Andreína Vallés hopes you will feel something of her pictorial illustrations
Andreina VallÃ©s, a Hanover-based illustrator from Caracas, Venezuela, finds a lot of inspiration in alternative films. The weirder and more abstract the better, as AndreÃna enjoys transforming the cinematic aesthetic into her own wonderful creations – like rickety greyhounds running down a sandy road, pearly treasures or a glassy volcano. âIn addition, my roots in Venezuelan culture play an important role in my art,â she says. âAs I live in a foreign country now, my art has become more introspective than before. While living in Venezuela, my inspiration came from outside and from the bustling city of Caracas.â
Before embarking professionally in her medium, AndreÃna studied audiovisual arts in Caracas and decided to take the plunge after graduating as a freelance illustrator. So far, her biggest project to date has been a hand-drawn animated video titled Me and the Beast, in which she created the cover art and music video for a Spanish artist named MarÃa de la Flor. The film brings AndreÃna’s pictorial style to life by accompanying the calming sound of the artist’s melody. In other recent works, she has illustrated various subjects ranging from nature to cats and tributes to her Venezuelan culture.
Von Pilzen und Katzen (About mushrooms and cats) is a recent example of his production. In this work, she says, “What I love most about this piece is its playful nature and the way the cat looks directly at the viewer.” Immersed in a calming palette of earthy tones – rustic reds, oranges and beiges – the illustration features a mushroom enlarged in the center. Meanwhile, the sun is setting in the background and a gorgeous black cat looks the viewer directly in the eye. The piece represents AndreÃna’s first steps as a digital artist, a medium she switched to just a few months ago: âHer creation was the first time for me that I really liked digital art.
Where is my Friend’s House, on the other hand, refers to AndreÃna’s love for cinema. The title, for example, is a nod to the illustrator’s all-time favorite film, Where’s My Friend’s House – directed by Abbas Kiarostami. In the film, the protagonist (a boy) searches for his classmate’s house after mistakenly picking up his school notebook. Adventurous and visually captivating, AndreÃna puts her finger on this “important scene” where the boy sets out on his journey, and in turn, strives to recreate it through his art. âMy goal with this image and what I love most about it is the perspective that purports to be like a pop-up book or some kind of theater stage aesthetic,â she explains.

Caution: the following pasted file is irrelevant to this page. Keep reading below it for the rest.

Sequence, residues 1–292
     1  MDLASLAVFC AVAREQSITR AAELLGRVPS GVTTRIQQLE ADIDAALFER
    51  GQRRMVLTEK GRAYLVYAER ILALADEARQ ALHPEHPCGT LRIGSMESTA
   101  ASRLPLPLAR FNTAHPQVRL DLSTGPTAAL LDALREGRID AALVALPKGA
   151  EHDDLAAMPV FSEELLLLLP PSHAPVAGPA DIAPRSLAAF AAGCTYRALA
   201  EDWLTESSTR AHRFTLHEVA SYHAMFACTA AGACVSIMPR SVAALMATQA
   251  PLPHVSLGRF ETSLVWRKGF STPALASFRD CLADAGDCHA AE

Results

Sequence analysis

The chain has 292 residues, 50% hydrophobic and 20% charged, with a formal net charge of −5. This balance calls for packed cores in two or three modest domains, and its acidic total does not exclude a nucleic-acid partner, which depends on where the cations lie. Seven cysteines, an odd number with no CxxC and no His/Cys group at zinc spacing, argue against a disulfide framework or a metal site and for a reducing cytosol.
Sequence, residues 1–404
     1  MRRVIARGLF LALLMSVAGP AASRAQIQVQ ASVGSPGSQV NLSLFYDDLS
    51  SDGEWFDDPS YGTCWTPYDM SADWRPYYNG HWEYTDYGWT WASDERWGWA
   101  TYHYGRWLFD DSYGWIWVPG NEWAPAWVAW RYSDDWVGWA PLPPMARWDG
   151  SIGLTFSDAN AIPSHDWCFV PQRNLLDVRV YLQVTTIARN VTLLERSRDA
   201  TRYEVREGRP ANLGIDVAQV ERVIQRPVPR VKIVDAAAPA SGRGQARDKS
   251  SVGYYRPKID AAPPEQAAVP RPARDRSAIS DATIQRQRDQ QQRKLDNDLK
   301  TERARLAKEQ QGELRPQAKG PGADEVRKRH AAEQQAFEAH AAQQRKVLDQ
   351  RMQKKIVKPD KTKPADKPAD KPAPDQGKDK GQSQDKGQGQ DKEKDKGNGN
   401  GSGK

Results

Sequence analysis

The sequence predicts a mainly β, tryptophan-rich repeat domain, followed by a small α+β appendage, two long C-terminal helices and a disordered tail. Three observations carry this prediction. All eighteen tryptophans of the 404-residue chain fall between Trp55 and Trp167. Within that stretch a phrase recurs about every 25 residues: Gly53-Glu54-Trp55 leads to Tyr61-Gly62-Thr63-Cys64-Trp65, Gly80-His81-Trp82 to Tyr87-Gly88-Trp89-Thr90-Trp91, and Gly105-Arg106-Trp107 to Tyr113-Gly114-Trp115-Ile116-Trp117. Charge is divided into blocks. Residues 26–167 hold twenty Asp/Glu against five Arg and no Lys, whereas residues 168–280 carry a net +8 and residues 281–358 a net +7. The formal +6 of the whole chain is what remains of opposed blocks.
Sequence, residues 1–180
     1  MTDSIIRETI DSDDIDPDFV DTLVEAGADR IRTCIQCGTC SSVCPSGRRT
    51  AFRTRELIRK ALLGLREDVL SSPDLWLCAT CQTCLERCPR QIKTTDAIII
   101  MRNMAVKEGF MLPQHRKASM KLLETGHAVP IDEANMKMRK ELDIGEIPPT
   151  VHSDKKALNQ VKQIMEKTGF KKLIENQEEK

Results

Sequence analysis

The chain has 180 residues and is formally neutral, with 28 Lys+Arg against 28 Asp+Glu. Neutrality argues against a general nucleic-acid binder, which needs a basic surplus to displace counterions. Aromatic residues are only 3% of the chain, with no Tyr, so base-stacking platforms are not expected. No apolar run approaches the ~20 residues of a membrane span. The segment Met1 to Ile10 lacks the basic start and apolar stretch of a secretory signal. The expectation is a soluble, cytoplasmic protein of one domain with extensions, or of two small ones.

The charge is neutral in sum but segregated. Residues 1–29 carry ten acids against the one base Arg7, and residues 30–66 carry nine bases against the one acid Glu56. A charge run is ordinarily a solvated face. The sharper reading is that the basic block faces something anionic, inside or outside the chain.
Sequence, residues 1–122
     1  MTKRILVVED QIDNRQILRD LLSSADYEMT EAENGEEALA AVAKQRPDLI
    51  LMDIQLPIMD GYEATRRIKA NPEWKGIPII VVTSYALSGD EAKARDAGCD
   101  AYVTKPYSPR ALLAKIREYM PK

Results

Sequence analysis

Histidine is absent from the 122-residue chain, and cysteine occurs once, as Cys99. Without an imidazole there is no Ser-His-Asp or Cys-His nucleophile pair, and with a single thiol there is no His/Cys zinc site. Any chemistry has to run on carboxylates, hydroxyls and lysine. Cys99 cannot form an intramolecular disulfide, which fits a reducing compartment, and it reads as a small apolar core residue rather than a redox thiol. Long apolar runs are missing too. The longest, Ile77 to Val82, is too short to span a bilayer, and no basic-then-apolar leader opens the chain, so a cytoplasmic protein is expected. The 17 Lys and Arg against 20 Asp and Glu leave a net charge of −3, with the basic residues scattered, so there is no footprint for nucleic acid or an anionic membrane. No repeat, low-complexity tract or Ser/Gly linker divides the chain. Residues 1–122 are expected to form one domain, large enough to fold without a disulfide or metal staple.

Meanwhile, Viaje de un Santo (which translates to Journey of a Saint) features an eye-catching scene that almost feels from another world. âThis image pays homage to Saint, who plays an important role in my Venezuelan culture. For this painting, I had an unusually clear vision from the start. I did it in a very short time, and the whole process has been very satisfactory to me. “
Regarding the illustration process, all of AndreÃna’s works are created spontaneously. Devoid of any planning, she works on intuition and lets herself be guided by the act of doing. âI usually don’t have a picture of the finished image in my head, and instead, the ideas for the final piece come bit by bit during the creation process,â she says. The only factor she thinks about in advance is the color palette, as hues and tones play a key role in the mood of her illustration. “For me,” she concludes, “it is not a question of conveying a precise message, nor of evoking a certain sensation in the viewer. The only thing that matters to me is to surprise the viewer and him. make something feel. “